This weekend's competition in Wisconsin is a bit more intense than it was in your grade school gym class.
Vanity Fair magazine has published excerpts of a forthcoming piece by Monica Lewinsky, who had an affair with President Bill Clinton as a White House intern in the ’90s.
Clinton’s lies about the relationship contributed to the House impeaching him in 1998; the Senate acquitted him.
Excerpts of the piece are available on the Vanity Fair website. The preview reads in part:
After 10 years of virtual silence (“So silent, in fact,” she writes, “that the buzz in some circles has been that the Clintons must have paid me off; why else would I have refrained from speaking out? I can assure you that nothing could be further from the truth”), Lewinsky, 40, says it is time to stop “tiptoeing around my past—and other people’s futures. I am determined to have a different ending to my story. I’ve decided, finally, to stick my head above the parapet so that I can take back my narrative and give a purpose to my past. (What this will cost me, I will soon find out.)”
Columnist Ruth Marcus writes in The Washington Post, “Monica Lewinsky may not have intended it this way, but she just did Hillary Clinton a big favor”:
The Lewinsky affair never really came up in 2008; the subject was too raw and too fraught, and Clinton did not make it to the ugliness of a general election campaign. It’s clear, though, that the subject will not be taboo in 2016. Sen. Rand Paul (R-Ky.) has already raised the question of whether Democrats in general, and Hillary Clinton in particular, should consort with a “sexual predator” like Bill Clinton. Lewinsky’s account makes clear that her affair with the president was between two consenting adults.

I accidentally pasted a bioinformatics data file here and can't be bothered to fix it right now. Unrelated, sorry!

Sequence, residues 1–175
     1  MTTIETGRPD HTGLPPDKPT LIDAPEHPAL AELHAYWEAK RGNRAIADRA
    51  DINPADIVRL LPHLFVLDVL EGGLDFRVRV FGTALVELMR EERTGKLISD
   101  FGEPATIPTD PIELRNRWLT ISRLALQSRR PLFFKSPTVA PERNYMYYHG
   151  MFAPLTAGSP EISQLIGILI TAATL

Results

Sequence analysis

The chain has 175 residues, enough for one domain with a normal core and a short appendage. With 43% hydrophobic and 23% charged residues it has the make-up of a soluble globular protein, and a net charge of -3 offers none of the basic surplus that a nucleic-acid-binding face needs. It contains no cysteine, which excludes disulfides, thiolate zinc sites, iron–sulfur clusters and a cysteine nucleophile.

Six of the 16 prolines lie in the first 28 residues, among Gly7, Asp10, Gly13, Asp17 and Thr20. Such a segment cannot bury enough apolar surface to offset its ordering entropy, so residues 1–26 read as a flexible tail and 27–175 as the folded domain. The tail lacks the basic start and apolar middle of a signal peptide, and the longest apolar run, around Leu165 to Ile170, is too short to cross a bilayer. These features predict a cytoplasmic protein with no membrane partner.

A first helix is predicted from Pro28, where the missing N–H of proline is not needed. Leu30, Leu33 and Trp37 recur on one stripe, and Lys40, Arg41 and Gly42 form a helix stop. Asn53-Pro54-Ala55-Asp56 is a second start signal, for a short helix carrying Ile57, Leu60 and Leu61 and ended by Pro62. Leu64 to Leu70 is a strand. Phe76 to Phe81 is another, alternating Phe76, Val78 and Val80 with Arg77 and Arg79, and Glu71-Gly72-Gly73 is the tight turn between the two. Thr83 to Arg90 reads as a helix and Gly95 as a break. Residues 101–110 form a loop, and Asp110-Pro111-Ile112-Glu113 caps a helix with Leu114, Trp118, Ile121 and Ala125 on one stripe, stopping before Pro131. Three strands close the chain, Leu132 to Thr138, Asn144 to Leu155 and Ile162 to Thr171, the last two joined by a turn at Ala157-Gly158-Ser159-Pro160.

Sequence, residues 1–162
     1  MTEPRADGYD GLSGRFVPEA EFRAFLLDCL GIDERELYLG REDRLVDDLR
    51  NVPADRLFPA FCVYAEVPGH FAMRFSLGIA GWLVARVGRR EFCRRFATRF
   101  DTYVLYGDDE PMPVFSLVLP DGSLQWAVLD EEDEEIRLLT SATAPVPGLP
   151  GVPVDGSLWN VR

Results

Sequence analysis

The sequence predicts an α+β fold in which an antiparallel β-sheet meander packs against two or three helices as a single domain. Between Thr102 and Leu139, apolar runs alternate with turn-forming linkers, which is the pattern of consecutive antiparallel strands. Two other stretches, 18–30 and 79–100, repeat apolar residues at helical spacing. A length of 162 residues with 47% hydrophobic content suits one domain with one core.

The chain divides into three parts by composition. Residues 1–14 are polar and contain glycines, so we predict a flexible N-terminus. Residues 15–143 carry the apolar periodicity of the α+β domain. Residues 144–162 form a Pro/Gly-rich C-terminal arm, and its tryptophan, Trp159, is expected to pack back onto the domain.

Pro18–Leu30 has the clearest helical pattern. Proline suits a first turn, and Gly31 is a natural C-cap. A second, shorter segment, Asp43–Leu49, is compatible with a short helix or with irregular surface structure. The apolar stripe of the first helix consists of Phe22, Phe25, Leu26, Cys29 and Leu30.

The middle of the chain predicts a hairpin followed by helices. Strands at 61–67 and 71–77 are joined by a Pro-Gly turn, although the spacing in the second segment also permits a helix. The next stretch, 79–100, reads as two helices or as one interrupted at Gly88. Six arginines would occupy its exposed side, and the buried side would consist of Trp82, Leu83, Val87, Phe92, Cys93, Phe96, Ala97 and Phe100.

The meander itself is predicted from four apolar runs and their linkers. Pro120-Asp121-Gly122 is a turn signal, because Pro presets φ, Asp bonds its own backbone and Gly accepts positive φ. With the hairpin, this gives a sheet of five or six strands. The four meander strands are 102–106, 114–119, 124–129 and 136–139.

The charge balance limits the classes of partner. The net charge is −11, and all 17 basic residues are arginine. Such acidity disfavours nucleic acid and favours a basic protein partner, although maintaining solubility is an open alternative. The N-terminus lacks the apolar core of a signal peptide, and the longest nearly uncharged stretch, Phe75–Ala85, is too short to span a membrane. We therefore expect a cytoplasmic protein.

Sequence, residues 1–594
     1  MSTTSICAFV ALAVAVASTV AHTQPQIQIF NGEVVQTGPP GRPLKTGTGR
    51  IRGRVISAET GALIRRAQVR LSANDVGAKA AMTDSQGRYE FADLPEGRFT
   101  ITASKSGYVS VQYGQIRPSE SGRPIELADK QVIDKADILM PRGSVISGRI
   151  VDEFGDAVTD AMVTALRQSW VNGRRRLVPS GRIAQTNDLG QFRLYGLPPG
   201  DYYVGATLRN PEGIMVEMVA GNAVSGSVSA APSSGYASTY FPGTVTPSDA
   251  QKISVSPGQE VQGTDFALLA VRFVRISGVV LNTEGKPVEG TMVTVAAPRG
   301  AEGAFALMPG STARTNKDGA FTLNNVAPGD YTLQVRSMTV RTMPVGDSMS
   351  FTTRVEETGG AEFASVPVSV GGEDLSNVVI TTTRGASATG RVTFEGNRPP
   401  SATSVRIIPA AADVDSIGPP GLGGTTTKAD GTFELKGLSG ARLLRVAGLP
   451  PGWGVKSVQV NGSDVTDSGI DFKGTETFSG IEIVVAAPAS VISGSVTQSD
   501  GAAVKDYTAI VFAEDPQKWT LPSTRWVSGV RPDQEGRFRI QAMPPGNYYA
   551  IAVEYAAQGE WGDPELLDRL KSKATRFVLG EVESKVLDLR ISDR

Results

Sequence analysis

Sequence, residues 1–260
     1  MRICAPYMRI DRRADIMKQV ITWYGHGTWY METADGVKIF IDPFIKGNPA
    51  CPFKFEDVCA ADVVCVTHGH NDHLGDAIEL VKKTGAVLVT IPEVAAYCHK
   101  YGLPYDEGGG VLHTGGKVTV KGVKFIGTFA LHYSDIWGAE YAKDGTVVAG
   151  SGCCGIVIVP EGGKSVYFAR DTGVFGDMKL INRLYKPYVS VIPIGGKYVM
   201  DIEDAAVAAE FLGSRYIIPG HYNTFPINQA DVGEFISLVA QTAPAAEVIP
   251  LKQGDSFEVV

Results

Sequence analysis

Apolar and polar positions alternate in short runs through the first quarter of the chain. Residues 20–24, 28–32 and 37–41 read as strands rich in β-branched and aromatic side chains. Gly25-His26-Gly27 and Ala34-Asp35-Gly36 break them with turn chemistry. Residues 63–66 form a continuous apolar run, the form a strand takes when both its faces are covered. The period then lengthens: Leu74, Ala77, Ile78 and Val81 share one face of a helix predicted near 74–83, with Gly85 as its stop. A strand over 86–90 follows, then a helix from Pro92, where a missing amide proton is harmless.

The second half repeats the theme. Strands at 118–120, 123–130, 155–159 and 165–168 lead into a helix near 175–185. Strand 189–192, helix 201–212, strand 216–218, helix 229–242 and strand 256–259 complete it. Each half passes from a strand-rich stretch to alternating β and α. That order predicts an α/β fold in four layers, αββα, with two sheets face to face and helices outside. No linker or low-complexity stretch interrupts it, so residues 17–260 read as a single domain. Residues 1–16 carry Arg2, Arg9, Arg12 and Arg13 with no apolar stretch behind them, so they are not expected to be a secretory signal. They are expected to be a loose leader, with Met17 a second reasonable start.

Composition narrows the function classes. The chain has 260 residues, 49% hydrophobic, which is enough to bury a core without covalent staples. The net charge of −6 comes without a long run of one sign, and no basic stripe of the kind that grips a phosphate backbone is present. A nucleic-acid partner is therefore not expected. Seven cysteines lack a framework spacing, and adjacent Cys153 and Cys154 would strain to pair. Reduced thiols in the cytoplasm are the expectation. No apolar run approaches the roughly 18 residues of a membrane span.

Marcus discusses Lewinsky’s Vanity Fair piece and what the impact could be on the 2016 presidential election, with Here & Now’s Robin Young.
ROBIN YOUNG, HOST:
It's HERE AND NOW.
Monica Lewinsky, the former White House intern and international punch line, is, as she put it in a piece to be published in Vanity Fair tomorrow, going to stick my head above the parapet, take back my narrative, and give purpose to my past. She reiterates that her affair with then President Bill Clinton in the '90s, which lead to his impeachment, was consensual and something she deeply regrets, but says it's time to stop tip toeing around my past.
Ruth Marcus is a columnist for the Washington Post. Ruth, your first thoughts?
RUTH MARCUS: Well, it was a combination of here we go again having lived through that, and honestly, poor Monica. You had a sad, but marvelous phrase international punch line. I think I called her tragic road kill.